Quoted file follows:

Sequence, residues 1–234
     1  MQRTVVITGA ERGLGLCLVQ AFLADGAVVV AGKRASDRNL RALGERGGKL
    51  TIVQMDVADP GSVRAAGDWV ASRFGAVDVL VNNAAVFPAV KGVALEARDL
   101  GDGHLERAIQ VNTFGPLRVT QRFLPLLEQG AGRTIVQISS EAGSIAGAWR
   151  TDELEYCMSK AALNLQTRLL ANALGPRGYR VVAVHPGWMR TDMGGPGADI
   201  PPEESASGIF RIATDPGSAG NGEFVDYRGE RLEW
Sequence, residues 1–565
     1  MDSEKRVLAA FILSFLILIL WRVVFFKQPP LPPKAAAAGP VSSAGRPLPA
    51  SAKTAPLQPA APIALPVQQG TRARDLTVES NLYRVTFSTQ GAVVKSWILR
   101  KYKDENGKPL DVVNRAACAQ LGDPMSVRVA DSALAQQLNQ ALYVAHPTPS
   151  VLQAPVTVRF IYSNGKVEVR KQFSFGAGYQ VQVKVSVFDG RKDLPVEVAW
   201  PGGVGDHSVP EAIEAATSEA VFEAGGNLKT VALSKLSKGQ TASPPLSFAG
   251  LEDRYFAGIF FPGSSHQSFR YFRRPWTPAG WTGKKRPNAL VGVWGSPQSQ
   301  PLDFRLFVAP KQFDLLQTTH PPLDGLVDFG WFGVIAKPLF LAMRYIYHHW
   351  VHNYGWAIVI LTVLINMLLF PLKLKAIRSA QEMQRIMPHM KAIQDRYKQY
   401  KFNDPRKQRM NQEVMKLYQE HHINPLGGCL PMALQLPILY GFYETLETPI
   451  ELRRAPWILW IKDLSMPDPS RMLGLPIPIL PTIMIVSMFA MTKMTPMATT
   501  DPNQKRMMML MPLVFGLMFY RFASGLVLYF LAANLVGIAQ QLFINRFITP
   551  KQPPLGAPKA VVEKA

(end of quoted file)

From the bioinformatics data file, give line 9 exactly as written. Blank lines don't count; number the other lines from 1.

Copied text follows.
    51  SAKTAPLQPA APIALPVQQG TRARDLTVES NLYRVTFSTQ GAVVKSWILR